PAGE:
eLaw publishes article in Computer Law & Security Review
In healthcare, gender and sex considerations are crucial because they affect individuals' health and disease differences. Yet, most algorithms deployed in the healthcare context lack close consideration of these aspects and do not account for bias detection. In their latest paper, Eduard Fosch-Villaronga, Hadassah Drukarch, Pranav Khanna, Tessa Verhoef and Bart Custers stress how missing these dimensions is a huge point of concern, as neglecting these aspects will inevitably produce far from optimal results and generate errors that may lead to misdiagnosis and potential discrimination.
AI has gained immense popularity within the healthcare domain, where it promises to find and use complex underlying relationships between the way humans work and how to care for them to improve care, discover new treatments for a wide variety of diseases, and advance scientific hypotheses even if we as humans do not necessarily understand those underlying relationships.
Yet while these advances may entail incredible progress for medicine and healthcare delivery soon, more research is needed for these systems to perform well in the wild, especially in the area of diversity and inclusion. In particular in the healthcare domain, AI can be considered a 'double-edged sword'. While, here, AI is used to predict, address or support a health-related decision, errors may compromise safety and allow for misdiagnosis, a massive problem that, paradoxically, AI is trying to solve.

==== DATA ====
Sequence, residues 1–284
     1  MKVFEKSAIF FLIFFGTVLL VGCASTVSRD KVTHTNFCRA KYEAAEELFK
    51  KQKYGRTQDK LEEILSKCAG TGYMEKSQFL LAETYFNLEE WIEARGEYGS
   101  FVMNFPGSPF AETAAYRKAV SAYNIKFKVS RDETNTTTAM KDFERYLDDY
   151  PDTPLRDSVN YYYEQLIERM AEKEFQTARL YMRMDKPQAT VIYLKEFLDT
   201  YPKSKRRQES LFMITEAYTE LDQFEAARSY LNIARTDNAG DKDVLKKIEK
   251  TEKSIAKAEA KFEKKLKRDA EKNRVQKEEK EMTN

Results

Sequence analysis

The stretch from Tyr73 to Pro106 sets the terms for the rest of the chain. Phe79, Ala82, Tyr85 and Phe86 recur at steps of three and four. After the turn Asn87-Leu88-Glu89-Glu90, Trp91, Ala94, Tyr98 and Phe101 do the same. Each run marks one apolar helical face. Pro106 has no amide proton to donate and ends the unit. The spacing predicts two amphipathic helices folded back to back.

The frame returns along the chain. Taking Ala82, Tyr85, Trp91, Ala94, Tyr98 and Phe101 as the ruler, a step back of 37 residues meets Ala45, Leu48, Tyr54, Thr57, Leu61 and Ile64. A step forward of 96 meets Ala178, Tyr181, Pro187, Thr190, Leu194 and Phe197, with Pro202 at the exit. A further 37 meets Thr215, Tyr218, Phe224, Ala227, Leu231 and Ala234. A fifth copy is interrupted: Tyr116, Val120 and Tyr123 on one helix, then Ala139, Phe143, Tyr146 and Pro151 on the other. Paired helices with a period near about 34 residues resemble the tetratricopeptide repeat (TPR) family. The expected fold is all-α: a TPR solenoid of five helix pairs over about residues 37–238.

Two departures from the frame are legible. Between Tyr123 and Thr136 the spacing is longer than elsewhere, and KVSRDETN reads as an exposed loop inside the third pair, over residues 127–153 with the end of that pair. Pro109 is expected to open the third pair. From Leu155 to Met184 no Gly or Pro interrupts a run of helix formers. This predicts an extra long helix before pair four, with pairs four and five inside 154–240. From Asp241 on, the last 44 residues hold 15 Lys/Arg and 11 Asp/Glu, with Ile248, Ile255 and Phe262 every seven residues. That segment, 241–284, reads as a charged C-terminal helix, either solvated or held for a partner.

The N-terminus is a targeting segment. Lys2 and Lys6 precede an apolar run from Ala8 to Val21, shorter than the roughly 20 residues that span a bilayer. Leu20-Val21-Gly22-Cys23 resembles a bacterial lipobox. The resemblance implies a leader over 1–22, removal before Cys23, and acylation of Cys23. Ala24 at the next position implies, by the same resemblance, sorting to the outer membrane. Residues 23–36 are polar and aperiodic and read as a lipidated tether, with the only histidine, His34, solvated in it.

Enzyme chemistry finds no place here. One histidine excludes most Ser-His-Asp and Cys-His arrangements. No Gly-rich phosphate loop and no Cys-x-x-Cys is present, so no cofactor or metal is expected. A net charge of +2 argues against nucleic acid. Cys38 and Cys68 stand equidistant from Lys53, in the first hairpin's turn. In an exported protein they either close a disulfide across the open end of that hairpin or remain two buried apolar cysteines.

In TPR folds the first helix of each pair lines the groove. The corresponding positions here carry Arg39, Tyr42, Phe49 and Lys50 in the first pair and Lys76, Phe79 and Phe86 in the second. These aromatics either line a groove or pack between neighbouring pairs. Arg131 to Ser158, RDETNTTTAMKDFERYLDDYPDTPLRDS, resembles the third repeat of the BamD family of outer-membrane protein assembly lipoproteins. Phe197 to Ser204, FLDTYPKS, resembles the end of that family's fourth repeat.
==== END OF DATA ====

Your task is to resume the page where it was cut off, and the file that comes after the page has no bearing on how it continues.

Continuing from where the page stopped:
Eduard Fosch-Villaronga, Hadassah Drukarch, Pranav Khanna, and Bart Custers from eLaw - Center for Law and Digital Technologies in collaboration with Tessa Verhoef from the Creative Intelligence Lab (CIL) and LIACS at Leiden University have just published an article on Accounting for diversity in AI for Medicine in the prestigious journal Computer Law and Security Review that explores how algorithm-based systems in healthcare related applications may reinforce gender biases and have inadvertent discriminatory, safety, and privacy-related impacts on marginalised communities. By promoting the account for privacy, safety, diversity, and inclusion in algorithmic developments with health-related outcomes, the authors ultimately aim to inform the AI global governance landscape and practice on the importance of integrating gender and sex considerations in the development of algorithms to avoid exacerbating existing or new prejudices.
This article comes as a result of the collaboration established by the Gendering Algorithms initiative at Leiden University, a project aiming to explore the functioning, effects and governance policies of AI-based gender classification systems. Gendering algorithms is chaired by Eduard Fosch-Villaronga and Tessa Verhoef and was funded by the Global Transformations and Governance Challenges program at Leiden University.